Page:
In the Caribbean, issues of food security, health and taste are intricately linked, seen most clearly in the increasing incidence of lifestyle diseases among children coupled with a taste for high calorie and Westernized diets. In order to fully appreciate this link, the role of nutrition environments must be examined. To this end, the present study incorporates tenets of Bourdieu’s social constructivist theory with the Community Nutrition Environment Model. The aim of this study was to examine the relationships between availability of and access to healthy/unhealthy foods within nutrition environments, namely the household and school, and the development of taste preferences for healthy/unhealthy foods among primary school children in a selected educational district in Trinidad and Tobago. A cross-sectional survey of 400 children between the ages of 9 and 11 years was conducted. Data analysis was conducted using SPSS 24. Results indicated that availability of healthy food at home was positively correlated with preference for vegetables, and negatively correlated with preference for salty snacks and fast food. The availability of unhealthy food within the home was found to be negatively correlated with preference for vegetables and positively correlated with preference for salty snacks. Access to unhealthy foods at school had a positive correlation with preference for fast food. These findings highlight the role of the food environment in shaping taste preferences, and point to the need for interrogating the centrality of food security concerns in emerging health concerns of Caribbean countries. Such interrogations are a necessary part of the development of research agendas, and policy formulation and implementation.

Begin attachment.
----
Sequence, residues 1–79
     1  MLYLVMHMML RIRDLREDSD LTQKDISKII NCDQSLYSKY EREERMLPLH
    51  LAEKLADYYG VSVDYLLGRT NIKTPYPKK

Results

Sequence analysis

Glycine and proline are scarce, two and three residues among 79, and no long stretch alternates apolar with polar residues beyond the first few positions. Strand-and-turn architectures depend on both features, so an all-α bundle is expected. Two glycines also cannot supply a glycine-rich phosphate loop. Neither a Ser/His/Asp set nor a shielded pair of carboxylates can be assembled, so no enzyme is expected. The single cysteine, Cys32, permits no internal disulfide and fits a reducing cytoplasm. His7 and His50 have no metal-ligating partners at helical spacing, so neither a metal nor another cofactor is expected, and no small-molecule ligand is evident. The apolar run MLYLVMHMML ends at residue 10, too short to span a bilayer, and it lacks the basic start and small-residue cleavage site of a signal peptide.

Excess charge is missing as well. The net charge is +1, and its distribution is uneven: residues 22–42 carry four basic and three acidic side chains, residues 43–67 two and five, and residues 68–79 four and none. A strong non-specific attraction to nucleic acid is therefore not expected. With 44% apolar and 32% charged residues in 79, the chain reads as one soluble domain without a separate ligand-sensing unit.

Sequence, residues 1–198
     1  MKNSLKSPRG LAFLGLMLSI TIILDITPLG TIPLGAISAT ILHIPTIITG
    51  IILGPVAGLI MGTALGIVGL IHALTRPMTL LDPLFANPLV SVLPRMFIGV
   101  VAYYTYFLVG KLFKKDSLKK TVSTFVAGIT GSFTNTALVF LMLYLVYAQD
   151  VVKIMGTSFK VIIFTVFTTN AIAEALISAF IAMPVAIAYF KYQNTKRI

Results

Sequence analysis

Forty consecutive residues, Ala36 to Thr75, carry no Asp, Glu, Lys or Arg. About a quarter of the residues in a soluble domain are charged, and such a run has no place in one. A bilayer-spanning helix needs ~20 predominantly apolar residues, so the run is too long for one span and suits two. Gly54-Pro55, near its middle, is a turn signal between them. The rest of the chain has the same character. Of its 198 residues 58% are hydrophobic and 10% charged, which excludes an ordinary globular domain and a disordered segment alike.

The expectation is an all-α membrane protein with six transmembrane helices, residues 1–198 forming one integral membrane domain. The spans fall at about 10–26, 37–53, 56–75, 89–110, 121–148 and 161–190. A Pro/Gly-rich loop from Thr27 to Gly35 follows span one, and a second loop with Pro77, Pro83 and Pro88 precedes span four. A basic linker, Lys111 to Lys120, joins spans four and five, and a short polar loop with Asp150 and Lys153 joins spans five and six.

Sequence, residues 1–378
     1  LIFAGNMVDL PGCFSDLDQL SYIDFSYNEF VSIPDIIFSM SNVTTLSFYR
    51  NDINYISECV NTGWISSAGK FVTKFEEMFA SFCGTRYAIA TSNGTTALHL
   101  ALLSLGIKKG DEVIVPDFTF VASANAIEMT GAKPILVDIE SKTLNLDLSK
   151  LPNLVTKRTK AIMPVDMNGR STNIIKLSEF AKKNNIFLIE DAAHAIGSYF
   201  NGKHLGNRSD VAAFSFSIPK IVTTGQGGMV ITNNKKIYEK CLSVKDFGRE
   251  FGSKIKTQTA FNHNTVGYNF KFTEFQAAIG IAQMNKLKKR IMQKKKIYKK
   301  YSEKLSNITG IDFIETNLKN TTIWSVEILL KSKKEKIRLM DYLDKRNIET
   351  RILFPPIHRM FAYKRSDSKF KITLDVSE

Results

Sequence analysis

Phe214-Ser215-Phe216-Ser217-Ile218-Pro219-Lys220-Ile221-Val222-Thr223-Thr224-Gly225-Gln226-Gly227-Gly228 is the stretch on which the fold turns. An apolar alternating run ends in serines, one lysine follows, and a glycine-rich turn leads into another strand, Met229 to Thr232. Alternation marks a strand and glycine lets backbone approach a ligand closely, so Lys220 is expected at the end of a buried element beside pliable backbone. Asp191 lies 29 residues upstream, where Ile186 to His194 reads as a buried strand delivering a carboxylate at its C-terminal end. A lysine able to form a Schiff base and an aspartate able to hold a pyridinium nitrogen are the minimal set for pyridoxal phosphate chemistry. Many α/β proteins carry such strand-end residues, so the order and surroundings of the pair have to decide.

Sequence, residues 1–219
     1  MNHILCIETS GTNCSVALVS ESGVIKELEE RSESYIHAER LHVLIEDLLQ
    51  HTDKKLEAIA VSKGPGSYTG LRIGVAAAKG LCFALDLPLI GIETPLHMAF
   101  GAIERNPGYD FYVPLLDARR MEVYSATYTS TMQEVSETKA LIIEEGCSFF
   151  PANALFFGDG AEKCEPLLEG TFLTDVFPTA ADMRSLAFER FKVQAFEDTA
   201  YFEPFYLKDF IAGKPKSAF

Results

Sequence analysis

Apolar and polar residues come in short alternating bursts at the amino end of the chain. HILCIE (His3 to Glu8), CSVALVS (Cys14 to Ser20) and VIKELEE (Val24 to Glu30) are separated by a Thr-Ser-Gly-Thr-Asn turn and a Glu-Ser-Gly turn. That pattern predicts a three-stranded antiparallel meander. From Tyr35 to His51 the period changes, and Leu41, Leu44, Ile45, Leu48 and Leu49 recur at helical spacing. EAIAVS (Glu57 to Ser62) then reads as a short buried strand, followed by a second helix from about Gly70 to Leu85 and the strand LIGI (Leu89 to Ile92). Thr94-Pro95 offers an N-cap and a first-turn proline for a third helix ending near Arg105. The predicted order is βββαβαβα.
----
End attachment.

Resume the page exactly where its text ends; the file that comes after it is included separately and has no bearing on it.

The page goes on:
Keywords: Food Security, Trinidad and Tobago, nutrition environment, taste preference

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1298 Utilization of Chicken Skin Based Products as Fat Replacers for Improving the Nutritional Quality, Physico-Chemical Characteristics and Sensory Attributes of Beef Fresh Sausage

Authors: Hussein M. H. Mohamed, Hamdy M. B. Zaki

Abstract: